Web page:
An Israeli system that protects planes from surface-to-air missiles has passed a test conducted by NATO, which could open up new markets for the technology in the alliance’s 28 member states, defense electronics manufacturer Elbit Systems said Monday.
The system, which can jam incoming heat-seeking missiles with a laser, is already in use by civilian Israeli carriers.
MUSIC, or Multi Spectral Infrared Countermeasures, is a family of high-performance, directed infrared countermeasure systems, which are integrated with other advanced, passive airborne warning systems to protect aircraft against heat seeking surface-to-air missiles and shoulder-launched rockets.
Elbit’s website describes the system as one that “integrates advanced fiber laser technology with high-rate thermal cameras and small, highly dynamic mirror turrets, to provide effective, reliable and affordable protection to all types of aircraft, under all operational conditions.”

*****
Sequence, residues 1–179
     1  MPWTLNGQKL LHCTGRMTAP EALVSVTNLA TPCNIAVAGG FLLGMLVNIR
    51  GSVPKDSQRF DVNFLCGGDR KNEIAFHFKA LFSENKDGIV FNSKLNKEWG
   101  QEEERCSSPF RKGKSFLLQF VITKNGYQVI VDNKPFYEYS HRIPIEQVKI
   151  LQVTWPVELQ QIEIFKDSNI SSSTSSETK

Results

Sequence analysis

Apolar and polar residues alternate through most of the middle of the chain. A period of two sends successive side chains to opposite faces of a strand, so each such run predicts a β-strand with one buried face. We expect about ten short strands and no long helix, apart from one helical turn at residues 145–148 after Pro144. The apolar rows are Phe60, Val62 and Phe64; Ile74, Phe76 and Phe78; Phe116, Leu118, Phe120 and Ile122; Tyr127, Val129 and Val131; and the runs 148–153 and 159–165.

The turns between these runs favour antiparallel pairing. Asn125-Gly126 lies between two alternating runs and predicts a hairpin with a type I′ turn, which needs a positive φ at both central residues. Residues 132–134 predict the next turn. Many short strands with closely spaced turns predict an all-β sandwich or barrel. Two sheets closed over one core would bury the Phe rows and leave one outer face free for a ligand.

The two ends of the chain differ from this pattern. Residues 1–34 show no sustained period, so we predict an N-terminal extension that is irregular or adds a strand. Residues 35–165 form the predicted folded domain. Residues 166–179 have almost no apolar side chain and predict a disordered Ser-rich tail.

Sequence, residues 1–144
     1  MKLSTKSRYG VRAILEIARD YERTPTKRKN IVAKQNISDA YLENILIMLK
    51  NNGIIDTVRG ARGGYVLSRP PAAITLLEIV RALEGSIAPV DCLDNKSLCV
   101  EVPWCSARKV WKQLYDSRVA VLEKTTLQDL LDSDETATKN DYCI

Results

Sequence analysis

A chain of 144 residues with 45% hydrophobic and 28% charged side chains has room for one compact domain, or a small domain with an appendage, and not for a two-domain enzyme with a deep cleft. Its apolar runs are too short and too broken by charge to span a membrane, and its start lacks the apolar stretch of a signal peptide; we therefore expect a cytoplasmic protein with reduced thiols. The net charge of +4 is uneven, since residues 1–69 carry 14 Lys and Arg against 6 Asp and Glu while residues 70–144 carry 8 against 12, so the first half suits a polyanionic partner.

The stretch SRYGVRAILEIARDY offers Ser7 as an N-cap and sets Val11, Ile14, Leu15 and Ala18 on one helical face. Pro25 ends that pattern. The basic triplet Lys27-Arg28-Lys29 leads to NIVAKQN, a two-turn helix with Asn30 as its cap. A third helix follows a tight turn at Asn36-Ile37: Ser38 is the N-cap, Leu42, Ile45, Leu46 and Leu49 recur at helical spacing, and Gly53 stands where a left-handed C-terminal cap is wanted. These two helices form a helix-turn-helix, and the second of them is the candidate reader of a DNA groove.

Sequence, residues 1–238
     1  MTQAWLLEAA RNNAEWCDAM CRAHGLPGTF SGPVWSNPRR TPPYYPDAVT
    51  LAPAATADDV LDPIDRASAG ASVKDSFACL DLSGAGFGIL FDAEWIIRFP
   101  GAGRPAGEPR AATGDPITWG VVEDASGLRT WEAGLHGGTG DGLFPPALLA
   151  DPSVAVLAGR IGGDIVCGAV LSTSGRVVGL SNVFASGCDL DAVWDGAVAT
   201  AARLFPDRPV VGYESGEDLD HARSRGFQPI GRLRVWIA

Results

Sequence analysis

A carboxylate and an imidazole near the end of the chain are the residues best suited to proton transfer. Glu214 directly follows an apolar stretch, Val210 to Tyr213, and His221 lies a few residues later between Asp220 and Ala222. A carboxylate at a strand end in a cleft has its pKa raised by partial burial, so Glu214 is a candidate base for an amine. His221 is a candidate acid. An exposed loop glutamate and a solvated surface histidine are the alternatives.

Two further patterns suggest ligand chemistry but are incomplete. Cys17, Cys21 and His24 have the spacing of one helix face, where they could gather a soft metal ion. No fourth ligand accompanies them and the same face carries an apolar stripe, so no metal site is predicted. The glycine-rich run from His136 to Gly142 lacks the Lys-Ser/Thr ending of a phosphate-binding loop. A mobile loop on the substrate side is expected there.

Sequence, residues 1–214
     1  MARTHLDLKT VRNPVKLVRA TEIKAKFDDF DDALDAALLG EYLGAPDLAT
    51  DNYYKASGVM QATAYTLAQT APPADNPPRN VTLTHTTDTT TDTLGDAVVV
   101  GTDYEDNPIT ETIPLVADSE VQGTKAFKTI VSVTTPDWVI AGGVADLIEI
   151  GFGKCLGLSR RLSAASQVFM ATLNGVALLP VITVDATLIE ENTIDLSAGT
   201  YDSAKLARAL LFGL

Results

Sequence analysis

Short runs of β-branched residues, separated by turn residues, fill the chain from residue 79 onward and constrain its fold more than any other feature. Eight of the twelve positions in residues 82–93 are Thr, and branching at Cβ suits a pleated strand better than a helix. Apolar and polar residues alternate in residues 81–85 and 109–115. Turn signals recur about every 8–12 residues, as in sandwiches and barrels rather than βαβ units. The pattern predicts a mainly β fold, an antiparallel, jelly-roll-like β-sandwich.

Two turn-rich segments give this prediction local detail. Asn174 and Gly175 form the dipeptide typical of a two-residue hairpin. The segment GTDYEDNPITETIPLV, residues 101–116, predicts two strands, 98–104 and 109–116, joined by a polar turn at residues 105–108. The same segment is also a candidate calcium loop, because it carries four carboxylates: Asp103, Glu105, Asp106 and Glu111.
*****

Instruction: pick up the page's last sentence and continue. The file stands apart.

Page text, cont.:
The NATO test took place in Germany in October, when MUSIC was fitted aboard an Airbus C295 aircraft, as part of a joint project of Elbit Systems and Airbus Defense and Space (Spain).
According to Elbit’s statement, the test was supported by the Israeli Defense Ministry, the Spanish Air Force, and NATO’s Air Forces Armaments Group, whose subdivisions oversee the development and validation of air protection solutions for the North Atlantic Treaty Organization.
The Israeli defense contractor said the successful test saw MUSIC “prove its capability to detect, acquire, track and jam the trial test equipment on the ground, under extreme conditions.”
Elbit’s statement noted the MUSIC family of systems has been successfully tested by several countries, and its versions are operational on 20 aircraft models, including military and commercial helicopters, and other fixed-wing aircraft.
View original Israel Hayom publication at: